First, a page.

To determine ovarian reserve, a simple blood test is enough. It determines the so-called Anti-Müllerian Hormone (AMH). Its concentration in a woman of childbearing age should be between 1 and 3 ng/ ml. If it is lower, we can expect problems with getting pregnant naturally. However, this is not the only necessary test. So many factors affect a person’s fertility that sometimes it is necessary to make sure how almost the entire body functions. One checks whether the uterus is properly structured or whether the fallopian tubes, through which the egg cell enters the uterus, are unobstructed.


With male semen getting worse and worse….


“Statistics show how dramatically semen parameters in men have declined over the past 20 years. Less than two decades ago, at least 30% of normal sperm was considered the norm. Today, few men fall within the latest norm.” – Rozenek notes. Fortunately, they can improve their semen parameters in a very simple way.


“The decline in semen parameters is indeed huge. Semen standards according to the WHO, in terms of sperm density and concentration, are 15 million/1 ml ejaculate. Motility must be shown by more than 40% of the sperm, while the normal structure must be only 4% – this is the minimum that must be met, “explains Dr. Czerwinska. How to achieve this?


“It is enough to change underwear for looser ones or give up saunas. This is because frequent overheating of the reproductive organs can reduce sperm motility. Equally important is diet. It should include as few highly processed products as possible. We should also not forget about the factor of stress. Men are very prone to stressful situations, and this works badly for them. Giving up stimulants is also key. Statistics state that 4-5 glasses of alcohol per week already reduce fertility,” points out Dr. Czerwinska.


After diagnosis, it’s time for action!


Jadzia and Andrew have a comprehensive diagnosis behind them. Since they’ve been trying unsuccessfully to have a child for 10 years, a doctor from the Gyncentrum clinic – after carefully reviewing the test results – offered them the IVF procedure as their only chance to have offspring. The couple agreed immediately, knowing that this was their last chance: “I would love to have a child…Or maybe two, three, four… I’m even thinking so much about whether to buy some kind of bus. We could have a whole soccer team,” Andrew laughs.


Jadzia, on the other hand, despite being a Christian and going to church every Sunday, doesn’t think IVF is a bad thing at all. She says it’s their last chance and hopes it will work out in the end: “If it worked out, I would probably be the happiest in the world. Everything I went through, physically, mentally, financially, would be gone.”


In vitro step by step


Deciding to undergo IVF is only the beginning of a very long road. Its first step is hormonal stimulation. It involves taking and injecting hormonal drugs.


“The duration of hormonal stimulation varies greatly. It depends on the patient’s ovarian reserve, how she responds to the drugs and which stimulation protocol we chose for her. This is because there are different types of protocols. We can perform stimulation with a short, ultra-short, long or ultra-long protocol. Depending on which protocol we choose, the entire stimulation procedure can take from a few days to as long as three months. Ovarian stimulation is aimed at achieving so-called multiple ovulation, in which we achieve more than one egg cell. We end it by administering a drug that causes the ova to mature, and after 36 hours we perform an ovarian puncture, “says Dr. Dariusz Mercik – obstetrician and endocrinologist at the Gyncentrum infertility clinic.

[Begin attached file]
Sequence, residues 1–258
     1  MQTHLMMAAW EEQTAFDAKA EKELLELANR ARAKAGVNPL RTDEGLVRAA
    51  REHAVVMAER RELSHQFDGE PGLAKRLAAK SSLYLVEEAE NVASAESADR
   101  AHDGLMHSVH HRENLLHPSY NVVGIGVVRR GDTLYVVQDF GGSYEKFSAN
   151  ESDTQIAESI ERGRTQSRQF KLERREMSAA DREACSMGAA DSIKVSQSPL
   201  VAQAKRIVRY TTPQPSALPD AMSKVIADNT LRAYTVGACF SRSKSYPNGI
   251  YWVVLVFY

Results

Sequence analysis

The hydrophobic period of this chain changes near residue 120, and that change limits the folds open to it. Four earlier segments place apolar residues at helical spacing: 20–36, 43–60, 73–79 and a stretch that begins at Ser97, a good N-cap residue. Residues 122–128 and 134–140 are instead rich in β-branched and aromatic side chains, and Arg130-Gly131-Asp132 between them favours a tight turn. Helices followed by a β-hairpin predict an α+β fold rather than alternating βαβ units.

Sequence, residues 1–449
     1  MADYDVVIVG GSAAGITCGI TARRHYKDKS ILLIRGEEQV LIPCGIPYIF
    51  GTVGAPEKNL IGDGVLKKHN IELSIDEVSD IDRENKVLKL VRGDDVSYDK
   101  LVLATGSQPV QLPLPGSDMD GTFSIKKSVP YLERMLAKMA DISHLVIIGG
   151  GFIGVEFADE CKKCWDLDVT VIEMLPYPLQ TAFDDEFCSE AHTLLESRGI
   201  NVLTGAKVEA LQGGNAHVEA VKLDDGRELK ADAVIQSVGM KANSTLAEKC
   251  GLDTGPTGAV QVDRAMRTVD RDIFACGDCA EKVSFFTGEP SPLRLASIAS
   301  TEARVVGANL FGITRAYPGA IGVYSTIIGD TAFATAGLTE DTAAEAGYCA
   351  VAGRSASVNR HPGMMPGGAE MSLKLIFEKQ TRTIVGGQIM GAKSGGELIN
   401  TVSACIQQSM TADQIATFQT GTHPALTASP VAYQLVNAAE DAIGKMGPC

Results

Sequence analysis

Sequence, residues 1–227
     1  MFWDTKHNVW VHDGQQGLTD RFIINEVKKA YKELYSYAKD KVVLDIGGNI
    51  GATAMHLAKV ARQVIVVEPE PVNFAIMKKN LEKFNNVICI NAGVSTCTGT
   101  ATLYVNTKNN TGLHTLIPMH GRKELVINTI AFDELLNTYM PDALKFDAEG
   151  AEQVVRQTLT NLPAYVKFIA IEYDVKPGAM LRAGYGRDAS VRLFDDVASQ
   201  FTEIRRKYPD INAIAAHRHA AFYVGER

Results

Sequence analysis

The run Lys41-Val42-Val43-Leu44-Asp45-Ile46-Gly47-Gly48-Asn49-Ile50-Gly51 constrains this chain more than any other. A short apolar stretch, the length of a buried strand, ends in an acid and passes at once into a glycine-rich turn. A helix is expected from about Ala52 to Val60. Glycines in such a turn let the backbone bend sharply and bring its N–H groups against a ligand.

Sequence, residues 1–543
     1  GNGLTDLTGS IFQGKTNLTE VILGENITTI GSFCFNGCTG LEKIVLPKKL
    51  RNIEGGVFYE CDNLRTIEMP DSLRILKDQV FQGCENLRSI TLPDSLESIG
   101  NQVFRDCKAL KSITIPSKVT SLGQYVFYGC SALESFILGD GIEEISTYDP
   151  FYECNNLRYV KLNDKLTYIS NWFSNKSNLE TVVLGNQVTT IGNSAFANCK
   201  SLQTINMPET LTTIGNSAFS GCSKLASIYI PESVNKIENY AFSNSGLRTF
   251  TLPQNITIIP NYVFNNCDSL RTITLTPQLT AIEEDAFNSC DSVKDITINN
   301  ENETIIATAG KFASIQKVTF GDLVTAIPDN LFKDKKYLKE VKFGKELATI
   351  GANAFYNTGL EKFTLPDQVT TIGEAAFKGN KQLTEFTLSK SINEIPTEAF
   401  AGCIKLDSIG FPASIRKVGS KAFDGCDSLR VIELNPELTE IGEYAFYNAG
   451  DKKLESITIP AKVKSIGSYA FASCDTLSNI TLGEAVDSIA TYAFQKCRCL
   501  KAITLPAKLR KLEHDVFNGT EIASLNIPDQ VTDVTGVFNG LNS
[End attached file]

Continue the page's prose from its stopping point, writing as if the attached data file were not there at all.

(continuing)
Jadwiga’s stimulation lasted 13 days and was not an easy experience for her. Painful injections, lower abdominal pain, and on top of that, sudden and hard to stop crying attacks – this was her reality during the stimulation. After it comes the time for ovarian puncture. It is during this procedure that the doctor retrieves the egg cells obtained through stimulation. How does such an LP proceed?


“I perform the LP under ultrasound guidance. First, I insert an ultrasound head through the vagina with a special guidewire attached to it. Then I insert a needle through this guidewire, pierce through the vaginal walls and puncture the ovaries, after which the follicular fluid is drawn off one by one. After the puncture of the ovaries, the material goes directly to the embryology laboratory, where the embryologist ‘searches’ the fluid and, having found cells in it, prepares them for the IVF procedure.” – Dr. Mercik explains.


In vitro – or a miracle in glass


Thanks to in vitro, what normally happens in nature can be transferred to a laboratory slide. And so a couple that can’t get pregnant naturally, through in vitro fertilization, gets a chance at parenthood.


“In vitro historically means ‘in glass.’ Today we are a step further. We don’t bring about self-fertilization, but we force the sperm to surrender to us and then place it inside the egg. This method is called micromanipulation. Micromanipulators are like joysticks in a game. They manipulate very, very thin needles with which we first hold the reproductive cells, and then one is pushed into the other,” explains Dr. Wojciech Sierka – a clinical embryologist at the Gyncentrum infertility clinic.


The fertilized oocyte goes into an incubator, where it begins to divide until it reaches the blastocyst stage. The embryos created during the IVF procedure are either transferred to the uterus or frozen. In the second case, we speak of so-called cryopreservation. The embryo is placed in liquid nitrogen at a temperature of -196 degrees C. In such conditions it waits safely until it is transferred.